Relativising versions of the past is intellectually dishonest-most “sides” in the North have been guilty of this. Finding the truth, it always seeps out at some point anyhow, is not that difficuilt-if we have enough information and evidence. At this point there is a lot of information with which to make reasoned & compelling assumptions, even reasoned conclusions about deadly serious collusion & collaboration during the Troubles.
No mechanism to deal with the heartbreaking legacy of the Troubles, never mind justice and truth,has yet to be firmly established, the unvarnished truth of it all is no doubt too squalid and may remain elusive for a long time–the British state is and always has been a deeply secretive state. This means that the toxic legacy of collusion and systemic collaboration -however unpalatable for some–is dripping into Northern Ireland’s present, drip by horrifying drip (see Alex Gibney’s No Stone Unturned about the Loughinisland massacre in 1994, for example). The past is never past. No matter how much some would want or need it to be.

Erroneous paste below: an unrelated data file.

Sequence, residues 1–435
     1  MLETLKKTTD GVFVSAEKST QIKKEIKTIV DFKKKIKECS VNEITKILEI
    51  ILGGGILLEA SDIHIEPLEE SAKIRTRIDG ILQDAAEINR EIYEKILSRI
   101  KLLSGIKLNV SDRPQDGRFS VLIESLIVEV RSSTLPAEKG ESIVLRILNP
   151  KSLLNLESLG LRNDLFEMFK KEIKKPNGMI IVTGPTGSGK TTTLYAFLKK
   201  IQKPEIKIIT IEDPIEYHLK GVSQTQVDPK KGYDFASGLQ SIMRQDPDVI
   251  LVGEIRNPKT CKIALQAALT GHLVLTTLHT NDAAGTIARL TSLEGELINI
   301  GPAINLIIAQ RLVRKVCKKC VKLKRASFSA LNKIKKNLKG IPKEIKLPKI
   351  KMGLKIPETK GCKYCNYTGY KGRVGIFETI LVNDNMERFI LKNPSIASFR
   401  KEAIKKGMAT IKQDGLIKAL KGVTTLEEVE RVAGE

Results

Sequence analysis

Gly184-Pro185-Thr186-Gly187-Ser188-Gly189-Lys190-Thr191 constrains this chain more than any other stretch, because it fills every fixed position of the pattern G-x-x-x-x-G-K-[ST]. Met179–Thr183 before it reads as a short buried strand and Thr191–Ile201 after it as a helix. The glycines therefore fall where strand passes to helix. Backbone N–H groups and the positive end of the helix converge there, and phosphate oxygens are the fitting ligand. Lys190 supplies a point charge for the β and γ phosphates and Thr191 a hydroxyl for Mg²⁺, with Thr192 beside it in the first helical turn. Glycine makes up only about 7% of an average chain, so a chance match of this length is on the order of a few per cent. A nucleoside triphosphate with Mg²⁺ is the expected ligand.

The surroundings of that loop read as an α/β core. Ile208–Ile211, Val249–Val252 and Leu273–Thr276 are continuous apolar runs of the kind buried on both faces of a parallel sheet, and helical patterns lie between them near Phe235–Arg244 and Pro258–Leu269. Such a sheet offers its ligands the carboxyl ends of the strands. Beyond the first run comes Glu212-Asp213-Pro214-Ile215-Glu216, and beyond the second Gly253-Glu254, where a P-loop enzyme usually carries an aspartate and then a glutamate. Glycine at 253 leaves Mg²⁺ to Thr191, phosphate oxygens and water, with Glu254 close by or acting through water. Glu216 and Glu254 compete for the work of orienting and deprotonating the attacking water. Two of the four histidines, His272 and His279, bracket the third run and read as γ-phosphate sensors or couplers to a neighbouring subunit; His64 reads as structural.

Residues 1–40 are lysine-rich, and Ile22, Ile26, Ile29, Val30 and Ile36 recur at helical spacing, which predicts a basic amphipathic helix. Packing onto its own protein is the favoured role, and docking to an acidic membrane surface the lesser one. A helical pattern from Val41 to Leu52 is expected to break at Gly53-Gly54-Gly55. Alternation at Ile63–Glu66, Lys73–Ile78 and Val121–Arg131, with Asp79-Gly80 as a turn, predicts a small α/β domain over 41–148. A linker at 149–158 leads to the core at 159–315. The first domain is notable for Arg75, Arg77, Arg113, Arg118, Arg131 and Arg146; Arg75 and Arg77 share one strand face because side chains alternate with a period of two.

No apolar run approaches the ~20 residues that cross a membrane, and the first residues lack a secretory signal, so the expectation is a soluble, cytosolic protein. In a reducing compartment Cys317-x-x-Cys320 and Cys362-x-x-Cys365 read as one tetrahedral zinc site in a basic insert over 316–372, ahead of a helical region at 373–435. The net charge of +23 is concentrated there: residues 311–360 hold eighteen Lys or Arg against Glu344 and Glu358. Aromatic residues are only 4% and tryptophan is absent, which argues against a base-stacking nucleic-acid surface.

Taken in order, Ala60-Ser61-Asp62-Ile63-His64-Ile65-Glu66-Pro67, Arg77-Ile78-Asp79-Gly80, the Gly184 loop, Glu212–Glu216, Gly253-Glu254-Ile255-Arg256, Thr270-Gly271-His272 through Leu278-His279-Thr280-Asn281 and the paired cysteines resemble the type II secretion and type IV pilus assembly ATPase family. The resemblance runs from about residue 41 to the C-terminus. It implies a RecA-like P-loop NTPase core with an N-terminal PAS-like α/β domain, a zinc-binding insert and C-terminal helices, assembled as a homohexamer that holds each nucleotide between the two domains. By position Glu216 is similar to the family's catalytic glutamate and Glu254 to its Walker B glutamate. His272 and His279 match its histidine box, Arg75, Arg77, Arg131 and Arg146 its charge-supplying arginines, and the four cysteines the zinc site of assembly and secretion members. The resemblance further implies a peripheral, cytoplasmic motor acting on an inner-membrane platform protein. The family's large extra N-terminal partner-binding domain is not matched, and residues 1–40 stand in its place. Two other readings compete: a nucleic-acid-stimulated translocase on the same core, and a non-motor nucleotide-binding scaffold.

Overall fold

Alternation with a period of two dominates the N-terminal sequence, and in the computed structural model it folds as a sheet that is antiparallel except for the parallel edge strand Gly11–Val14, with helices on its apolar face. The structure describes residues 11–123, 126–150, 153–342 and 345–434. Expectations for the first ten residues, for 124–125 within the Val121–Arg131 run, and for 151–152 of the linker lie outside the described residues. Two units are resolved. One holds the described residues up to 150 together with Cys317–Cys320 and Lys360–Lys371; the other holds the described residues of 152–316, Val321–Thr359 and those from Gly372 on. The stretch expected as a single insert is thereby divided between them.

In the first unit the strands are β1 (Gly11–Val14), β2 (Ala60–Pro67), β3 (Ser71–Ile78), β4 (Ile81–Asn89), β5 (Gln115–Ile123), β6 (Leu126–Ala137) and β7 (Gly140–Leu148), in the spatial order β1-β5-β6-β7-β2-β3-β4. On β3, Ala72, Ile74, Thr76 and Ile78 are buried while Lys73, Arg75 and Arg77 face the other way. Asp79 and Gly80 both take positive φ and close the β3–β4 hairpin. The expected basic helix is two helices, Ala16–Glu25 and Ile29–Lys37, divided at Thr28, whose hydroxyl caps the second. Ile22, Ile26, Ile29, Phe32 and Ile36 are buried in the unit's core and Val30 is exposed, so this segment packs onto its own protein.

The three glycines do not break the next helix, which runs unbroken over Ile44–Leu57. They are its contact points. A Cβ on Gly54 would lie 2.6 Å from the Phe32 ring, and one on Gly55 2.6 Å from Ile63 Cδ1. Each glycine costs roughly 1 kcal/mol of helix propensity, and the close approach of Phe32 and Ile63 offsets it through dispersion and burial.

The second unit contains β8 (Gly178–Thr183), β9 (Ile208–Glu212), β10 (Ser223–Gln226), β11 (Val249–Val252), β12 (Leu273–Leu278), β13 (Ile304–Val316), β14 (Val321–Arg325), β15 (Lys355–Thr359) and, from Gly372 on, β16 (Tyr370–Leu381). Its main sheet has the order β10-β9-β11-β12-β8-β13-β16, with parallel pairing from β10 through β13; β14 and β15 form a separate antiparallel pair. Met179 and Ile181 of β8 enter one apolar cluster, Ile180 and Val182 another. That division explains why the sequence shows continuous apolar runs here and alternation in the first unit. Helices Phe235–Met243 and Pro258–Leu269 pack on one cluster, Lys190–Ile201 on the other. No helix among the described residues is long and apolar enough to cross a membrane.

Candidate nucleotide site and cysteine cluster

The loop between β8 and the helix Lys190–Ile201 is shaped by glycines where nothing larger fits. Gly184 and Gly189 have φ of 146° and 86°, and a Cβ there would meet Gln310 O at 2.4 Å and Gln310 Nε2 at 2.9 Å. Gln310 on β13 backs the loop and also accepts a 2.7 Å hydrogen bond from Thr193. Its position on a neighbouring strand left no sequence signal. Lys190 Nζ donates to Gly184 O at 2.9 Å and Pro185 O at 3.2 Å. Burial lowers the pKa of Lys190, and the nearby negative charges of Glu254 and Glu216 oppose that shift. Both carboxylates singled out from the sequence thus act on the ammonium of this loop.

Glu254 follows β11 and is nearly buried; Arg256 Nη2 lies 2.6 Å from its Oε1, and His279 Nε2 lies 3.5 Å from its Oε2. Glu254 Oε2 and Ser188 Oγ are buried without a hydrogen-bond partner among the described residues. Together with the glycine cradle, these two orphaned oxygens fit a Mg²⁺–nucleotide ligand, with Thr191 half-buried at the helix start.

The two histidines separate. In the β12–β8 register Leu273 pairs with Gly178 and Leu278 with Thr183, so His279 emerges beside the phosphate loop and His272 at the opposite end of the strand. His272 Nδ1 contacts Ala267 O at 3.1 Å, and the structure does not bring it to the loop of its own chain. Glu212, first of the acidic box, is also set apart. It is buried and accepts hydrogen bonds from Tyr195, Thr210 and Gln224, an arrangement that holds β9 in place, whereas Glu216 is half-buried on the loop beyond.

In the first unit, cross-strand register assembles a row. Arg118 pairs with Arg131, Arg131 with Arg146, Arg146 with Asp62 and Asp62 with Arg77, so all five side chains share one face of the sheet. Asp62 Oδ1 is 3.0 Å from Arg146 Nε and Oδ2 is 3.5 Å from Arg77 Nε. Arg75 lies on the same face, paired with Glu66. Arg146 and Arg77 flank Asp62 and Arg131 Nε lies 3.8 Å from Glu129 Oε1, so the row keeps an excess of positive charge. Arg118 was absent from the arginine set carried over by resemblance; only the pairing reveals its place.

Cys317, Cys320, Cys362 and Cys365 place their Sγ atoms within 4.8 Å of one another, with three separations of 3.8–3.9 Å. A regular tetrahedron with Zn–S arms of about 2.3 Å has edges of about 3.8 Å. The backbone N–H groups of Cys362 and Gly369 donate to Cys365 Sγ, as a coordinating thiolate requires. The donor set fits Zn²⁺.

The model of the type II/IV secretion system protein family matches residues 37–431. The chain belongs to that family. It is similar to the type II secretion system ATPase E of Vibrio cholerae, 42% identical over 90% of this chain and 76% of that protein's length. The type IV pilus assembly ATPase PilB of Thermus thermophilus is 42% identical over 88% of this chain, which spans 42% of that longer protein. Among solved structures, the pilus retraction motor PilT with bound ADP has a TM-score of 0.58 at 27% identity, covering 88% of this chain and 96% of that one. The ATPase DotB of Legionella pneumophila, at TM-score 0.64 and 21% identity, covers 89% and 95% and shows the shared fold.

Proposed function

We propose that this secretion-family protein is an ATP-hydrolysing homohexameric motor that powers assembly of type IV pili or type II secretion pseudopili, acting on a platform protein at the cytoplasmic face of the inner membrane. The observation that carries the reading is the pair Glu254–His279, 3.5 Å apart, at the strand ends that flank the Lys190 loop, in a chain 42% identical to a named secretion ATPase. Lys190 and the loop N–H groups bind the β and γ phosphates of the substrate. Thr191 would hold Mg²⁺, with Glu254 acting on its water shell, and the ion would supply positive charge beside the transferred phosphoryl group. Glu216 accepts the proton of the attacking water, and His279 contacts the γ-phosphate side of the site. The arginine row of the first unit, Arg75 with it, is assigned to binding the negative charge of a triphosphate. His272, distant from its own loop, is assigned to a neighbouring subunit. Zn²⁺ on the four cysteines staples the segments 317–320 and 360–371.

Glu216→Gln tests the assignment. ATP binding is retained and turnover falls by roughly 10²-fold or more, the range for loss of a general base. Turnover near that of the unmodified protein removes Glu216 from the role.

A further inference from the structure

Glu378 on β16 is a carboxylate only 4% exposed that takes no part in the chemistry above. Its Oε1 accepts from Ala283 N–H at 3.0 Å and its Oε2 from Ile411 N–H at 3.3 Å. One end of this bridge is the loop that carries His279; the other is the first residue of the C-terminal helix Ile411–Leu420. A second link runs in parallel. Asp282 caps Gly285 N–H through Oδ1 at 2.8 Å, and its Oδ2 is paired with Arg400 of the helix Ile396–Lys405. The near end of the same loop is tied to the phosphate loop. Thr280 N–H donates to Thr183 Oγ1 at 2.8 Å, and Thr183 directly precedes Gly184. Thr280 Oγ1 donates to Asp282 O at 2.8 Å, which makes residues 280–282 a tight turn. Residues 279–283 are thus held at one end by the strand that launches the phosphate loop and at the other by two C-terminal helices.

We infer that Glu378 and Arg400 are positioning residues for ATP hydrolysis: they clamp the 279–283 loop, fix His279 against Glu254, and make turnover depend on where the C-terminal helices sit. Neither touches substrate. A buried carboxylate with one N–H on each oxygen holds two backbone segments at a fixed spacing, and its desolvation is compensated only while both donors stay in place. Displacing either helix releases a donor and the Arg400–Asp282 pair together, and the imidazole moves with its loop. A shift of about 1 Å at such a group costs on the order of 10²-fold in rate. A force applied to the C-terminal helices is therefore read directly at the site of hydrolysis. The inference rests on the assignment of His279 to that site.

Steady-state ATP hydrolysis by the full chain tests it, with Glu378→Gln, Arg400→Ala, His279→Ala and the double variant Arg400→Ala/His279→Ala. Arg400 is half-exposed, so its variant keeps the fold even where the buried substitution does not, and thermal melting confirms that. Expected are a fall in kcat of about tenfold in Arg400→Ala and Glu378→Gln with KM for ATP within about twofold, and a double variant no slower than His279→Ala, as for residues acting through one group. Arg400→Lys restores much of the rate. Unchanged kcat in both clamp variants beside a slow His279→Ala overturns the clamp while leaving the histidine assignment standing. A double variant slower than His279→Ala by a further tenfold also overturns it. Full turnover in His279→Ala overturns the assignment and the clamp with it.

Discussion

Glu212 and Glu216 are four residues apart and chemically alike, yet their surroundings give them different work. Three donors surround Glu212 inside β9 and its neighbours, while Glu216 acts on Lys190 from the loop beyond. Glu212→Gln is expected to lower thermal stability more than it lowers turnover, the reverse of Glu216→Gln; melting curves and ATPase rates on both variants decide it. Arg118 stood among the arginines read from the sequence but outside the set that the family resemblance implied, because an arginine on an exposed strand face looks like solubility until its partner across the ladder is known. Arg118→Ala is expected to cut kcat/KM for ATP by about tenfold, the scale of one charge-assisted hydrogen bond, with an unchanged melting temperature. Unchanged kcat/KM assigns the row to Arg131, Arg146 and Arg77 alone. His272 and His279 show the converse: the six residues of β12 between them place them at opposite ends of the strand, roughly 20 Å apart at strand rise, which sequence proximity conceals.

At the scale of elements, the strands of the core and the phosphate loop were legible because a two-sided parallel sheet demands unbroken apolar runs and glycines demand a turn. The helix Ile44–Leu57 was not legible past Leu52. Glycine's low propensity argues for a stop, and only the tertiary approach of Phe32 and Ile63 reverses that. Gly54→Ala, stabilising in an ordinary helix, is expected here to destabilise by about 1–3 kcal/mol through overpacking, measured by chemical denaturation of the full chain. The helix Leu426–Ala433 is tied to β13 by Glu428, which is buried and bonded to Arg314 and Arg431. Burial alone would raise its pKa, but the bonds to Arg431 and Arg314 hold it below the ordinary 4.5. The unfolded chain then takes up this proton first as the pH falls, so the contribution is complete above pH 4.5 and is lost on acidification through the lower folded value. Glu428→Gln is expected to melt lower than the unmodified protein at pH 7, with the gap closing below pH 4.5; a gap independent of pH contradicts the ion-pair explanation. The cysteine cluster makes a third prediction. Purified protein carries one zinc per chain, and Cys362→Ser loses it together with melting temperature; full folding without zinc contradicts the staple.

With many thanks to: Mark Kernan and CounterPunch for the origional story.
RUC/PSNI officer had affair with associate of gang linked to Ronan Kerr’s murder
A POLICEWOMAN has been reprimanded but allowed to return to work after having an inappropriate sexual relationship with an associate of a criminal gang linked to PSNI officer Ronan Kerr’s murder.
The officer was suspended from duty some years ago after the affair emerged and the PSNI launched an investigation.
She was brought before an internal misconduct hearing last month where she was sanctioned, including having her pay docked.
However the policewoman is now free to return to operational duty.
It is understood the man whom the PSNI officer was romantically involved with is associated with members of a criminal gang linked to constable Ronan Kerr’s murder.
The 25-year-old Catholic PSNI officer was killed in April 2011 when a booby-trap bomb exploded under his car in Omagh.
No-one has ever been charged with his murder. Dissident republican paramilitaries have been blamed for the killing.
The criminal gang is suspected of involvement in the theft of cars for dissidents involved in the murder plot.